There might be a little something extra to Jazzercize, spin classes, and Zumba besides spandex, sweat, and (potentially) killer abs.

All three share a common element — one that might actually do more than provide the beat behind a grueling workout.

Listening to music during a run may actually boost performance and trick the brain into thinking the workout isn’t as strenuous, according to a recent study published in the Journal of Human Sport and Exercise.

Read the full story.

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The next pandemic In June, Congress saw introduced legislation to fund the development of new antimicrobials to fight drug-resistant pathogens. Katie MacBride writes in her new feature about a likely future:

Before the spring of 2020, we always knew a pandemic like Covid-19 could happen, even if it felt like the real danger was perpetually in the future.

Now, as the pandemic slows in the U.S., a new question has emerged: How much have we actually learned from this pandemic?

The truth is that a different type of dangerous pathogen is already here. Scientists have called attention to it, but it still hasn’t garnered the type of alarm experts believe it deserves: antibiotic-resistant bacteria, also known as “super-bacteria.”

According to a 2019 report from the Centers for Disease Control, “more than 2.8 million antibiotic-resistant infections occur in the U.S. each year, and more than 35,000 people die as a result.” Experts think those numbers are likely to get worse before they get better.

We’re at the precipice of what will happen next. In June, a bipartisan House and Senate bill, known as the PASTEUR Act, was introduced. It’s legislation that would support the development of new antimicrobials that might combat drug-resistant pathogens.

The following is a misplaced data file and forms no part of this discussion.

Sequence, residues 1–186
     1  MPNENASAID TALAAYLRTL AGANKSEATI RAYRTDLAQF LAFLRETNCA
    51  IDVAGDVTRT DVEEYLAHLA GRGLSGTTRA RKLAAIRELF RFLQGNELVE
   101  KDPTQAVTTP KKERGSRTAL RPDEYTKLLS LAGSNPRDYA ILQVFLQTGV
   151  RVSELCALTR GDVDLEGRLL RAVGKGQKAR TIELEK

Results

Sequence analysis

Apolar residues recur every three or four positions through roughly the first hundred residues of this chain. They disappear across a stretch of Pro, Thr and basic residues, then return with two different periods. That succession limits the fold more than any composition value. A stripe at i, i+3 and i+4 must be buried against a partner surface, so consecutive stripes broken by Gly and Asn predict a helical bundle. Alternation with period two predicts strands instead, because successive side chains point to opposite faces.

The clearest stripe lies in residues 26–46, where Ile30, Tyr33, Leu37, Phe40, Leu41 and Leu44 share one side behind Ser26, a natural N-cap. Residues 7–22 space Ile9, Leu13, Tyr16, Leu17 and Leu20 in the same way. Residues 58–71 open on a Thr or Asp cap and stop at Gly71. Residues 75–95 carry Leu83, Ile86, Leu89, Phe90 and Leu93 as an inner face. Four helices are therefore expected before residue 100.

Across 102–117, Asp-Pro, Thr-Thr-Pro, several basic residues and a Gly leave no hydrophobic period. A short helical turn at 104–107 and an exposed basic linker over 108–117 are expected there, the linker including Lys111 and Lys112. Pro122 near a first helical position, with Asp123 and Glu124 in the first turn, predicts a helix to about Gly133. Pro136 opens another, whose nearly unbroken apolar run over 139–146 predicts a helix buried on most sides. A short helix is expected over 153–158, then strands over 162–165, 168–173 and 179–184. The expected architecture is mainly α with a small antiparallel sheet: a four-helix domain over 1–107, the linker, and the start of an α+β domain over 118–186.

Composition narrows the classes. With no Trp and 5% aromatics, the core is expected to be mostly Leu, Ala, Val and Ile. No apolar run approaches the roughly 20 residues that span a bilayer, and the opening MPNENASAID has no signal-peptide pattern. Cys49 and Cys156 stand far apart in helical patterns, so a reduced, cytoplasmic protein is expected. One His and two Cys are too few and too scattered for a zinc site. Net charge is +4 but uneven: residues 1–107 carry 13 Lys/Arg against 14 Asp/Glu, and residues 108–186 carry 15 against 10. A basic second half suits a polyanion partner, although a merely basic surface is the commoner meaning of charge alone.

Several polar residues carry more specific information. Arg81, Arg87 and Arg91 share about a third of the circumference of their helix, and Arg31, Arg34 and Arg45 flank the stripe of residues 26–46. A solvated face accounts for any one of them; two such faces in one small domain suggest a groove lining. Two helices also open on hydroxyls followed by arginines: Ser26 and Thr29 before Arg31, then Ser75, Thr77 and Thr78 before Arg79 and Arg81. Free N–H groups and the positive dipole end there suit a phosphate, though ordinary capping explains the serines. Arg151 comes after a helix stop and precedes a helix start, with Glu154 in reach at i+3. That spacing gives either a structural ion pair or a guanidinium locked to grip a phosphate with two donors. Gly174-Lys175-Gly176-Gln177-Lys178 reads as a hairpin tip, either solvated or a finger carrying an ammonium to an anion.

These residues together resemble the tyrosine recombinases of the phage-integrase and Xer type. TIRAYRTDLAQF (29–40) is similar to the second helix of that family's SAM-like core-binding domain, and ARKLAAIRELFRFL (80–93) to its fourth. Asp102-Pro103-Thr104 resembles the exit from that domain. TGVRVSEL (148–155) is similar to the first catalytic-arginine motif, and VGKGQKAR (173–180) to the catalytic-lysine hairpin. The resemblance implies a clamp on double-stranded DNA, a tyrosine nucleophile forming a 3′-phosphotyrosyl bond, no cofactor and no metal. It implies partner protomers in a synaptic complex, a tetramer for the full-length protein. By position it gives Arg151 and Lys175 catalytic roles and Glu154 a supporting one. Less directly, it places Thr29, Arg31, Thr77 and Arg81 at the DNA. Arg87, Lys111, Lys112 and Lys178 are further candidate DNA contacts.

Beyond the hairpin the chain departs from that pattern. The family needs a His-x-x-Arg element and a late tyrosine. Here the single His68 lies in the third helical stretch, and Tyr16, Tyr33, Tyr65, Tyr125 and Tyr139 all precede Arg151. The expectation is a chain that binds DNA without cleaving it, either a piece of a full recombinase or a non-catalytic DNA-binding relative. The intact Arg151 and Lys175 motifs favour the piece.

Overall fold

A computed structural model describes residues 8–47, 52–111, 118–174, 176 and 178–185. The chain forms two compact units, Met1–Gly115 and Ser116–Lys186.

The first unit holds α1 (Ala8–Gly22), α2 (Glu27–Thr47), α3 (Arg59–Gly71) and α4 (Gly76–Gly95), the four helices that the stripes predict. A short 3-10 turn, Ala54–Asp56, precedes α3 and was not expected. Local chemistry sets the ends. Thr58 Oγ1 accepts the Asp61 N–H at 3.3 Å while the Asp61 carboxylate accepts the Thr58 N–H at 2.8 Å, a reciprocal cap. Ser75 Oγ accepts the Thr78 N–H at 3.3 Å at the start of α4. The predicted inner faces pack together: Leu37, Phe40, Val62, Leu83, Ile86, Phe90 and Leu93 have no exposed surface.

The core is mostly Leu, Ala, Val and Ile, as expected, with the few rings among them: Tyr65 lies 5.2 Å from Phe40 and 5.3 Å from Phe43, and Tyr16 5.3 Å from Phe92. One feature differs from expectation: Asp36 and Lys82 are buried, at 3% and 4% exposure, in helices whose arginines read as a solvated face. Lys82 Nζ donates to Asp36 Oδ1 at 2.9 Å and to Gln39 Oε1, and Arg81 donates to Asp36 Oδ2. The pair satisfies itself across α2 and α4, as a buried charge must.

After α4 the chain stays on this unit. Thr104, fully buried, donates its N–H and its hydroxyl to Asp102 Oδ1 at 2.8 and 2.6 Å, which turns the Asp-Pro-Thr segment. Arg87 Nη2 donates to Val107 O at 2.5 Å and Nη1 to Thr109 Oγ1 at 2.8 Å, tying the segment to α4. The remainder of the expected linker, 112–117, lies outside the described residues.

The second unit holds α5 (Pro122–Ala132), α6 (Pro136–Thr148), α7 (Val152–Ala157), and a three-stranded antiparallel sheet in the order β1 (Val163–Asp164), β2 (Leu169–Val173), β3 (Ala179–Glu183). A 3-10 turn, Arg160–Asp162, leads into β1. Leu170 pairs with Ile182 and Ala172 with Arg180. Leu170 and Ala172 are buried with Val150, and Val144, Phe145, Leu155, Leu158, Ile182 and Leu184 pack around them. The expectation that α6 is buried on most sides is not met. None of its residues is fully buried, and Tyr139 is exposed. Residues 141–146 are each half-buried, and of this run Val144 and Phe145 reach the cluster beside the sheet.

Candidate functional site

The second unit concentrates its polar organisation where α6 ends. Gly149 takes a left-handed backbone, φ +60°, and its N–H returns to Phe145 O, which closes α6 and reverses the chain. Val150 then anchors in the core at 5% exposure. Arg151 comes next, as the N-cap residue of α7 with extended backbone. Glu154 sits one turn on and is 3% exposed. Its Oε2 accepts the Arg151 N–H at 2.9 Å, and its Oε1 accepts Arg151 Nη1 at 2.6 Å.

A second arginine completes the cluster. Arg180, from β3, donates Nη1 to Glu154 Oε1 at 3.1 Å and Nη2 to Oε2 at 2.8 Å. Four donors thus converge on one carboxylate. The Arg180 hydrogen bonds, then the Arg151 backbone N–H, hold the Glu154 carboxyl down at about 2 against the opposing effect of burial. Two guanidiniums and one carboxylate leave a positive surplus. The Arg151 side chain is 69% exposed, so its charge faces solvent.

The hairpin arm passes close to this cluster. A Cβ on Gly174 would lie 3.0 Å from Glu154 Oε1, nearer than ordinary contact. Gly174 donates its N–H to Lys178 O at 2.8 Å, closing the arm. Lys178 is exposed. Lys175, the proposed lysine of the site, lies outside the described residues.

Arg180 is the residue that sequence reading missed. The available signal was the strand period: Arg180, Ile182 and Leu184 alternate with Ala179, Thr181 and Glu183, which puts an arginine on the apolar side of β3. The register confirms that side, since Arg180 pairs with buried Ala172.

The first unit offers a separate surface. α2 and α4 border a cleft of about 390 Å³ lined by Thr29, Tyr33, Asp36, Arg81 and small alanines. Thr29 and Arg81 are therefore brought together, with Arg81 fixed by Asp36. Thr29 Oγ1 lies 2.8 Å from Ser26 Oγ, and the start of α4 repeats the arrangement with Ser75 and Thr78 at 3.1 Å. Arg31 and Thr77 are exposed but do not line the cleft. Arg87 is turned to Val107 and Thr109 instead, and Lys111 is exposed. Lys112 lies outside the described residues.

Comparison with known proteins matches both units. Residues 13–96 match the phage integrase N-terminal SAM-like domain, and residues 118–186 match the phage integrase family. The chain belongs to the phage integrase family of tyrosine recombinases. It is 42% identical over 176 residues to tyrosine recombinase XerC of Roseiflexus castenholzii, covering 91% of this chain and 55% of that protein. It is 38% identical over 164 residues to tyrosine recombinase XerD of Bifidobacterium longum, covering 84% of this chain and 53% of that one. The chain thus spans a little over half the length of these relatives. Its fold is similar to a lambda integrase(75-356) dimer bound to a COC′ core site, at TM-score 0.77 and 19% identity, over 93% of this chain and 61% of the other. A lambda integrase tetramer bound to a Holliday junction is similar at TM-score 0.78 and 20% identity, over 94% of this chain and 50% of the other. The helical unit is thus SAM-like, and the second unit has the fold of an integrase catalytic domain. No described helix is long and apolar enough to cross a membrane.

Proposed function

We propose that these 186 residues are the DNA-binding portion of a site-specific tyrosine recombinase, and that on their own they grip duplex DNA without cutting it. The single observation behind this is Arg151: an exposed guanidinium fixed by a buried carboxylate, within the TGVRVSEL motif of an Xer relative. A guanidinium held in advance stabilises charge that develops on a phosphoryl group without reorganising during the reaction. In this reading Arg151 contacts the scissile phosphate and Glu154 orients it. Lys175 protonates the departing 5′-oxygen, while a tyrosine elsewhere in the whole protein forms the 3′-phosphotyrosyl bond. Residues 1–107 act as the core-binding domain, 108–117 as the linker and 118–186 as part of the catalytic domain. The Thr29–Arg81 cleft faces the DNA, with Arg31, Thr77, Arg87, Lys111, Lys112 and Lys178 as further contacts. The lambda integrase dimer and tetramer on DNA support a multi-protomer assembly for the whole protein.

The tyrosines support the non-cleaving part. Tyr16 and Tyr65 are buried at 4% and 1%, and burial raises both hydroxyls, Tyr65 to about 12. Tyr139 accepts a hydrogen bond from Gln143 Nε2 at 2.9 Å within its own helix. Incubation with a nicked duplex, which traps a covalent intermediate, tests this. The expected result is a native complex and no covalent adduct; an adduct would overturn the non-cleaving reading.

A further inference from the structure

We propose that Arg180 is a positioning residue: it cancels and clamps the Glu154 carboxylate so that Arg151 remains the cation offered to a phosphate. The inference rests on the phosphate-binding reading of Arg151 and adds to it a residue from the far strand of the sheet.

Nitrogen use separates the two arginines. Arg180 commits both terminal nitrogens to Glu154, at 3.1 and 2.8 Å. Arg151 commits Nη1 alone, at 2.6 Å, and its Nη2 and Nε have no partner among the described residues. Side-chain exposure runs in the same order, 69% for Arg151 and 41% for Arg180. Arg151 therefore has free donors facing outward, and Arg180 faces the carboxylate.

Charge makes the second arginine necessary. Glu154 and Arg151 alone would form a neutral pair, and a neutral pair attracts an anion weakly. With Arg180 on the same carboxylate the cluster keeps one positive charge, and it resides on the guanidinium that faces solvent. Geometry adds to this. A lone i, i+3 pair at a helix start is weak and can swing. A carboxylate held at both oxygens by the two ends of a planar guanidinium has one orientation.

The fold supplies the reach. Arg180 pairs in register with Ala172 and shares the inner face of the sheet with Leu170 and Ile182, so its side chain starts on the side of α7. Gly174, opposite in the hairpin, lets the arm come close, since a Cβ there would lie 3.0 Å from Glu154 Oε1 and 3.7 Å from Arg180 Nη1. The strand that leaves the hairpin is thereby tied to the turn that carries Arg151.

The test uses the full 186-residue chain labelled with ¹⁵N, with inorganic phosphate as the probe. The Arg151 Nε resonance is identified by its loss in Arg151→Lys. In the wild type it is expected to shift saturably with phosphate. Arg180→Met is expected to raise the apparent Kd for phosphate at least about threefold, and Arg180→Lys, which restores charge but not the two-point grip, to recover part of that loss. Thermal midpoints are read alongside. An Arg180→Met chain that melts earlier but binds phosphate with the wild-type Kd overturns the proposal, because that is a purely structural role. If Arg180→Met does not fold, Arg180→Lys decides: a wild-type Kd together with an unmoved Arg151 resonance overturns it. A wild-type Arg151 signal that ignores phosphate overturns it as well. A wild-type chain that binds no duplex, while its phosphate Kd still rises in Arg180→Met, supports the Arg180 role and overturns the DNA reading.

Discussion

Read the full story.

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Here’s one way to combat mental fatigue.

lingqi xie/Moment/Getty Images

Combat mental fatigue Mental fatigue is “a psychobiological state caused by prolonged periods of demanding cognitive ability.” Experts say it is on the rise after Covid-19. Sarah Sloat reports on a few science-backed strategies to deal with it.

Our brains are maladapted to this modern world. There is too much information to decipher — information that informs us, yes, and can terrify and confuse. This processing, paired with subsequent decision-making, can lead to overload.

It’s why you’ve heard of phrases like “pandemic fatigue” and “election fatigue.” Ultimately, what you’re dealing with is mental fatigue.

Suzy Russell, who is pursuing a Ph.D. in mental fatigue at the University of Queensland, defines mental fatigue as “a psychobiological state caused by prolonged periods of demanding cognitive ability.” It can be measured by how someone feels, how they perform, and physiological markers in the brain. What constitutes “demanding cognitive activity,” she tells me, “depends on the individual and their interaction with the environment.”

It’s a concept worth identifying, understanding, and combating. Mental fatigue is on the rise, triggered by the Covid-19 pandemic. Feeling overwhelmed isn’t just having an “off day” — it’s a fair reaction to unprecedented events.

Read the full story.

Go deeper:

Actress Shelley Duvall on the set of The Shining, released in 1980. Duvall, who gave a powerful, iconic performance in the role, marks a birthday today.

Sunset Boulevard/Corbis Historical/Getty Images
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  • Before we go: Shelley Duvall (72; pictured above), Ringo Starr (81), Michelle Kwan (41), Lisa Leslie (49), Alesso (30) were all born on this day (Source: AP.)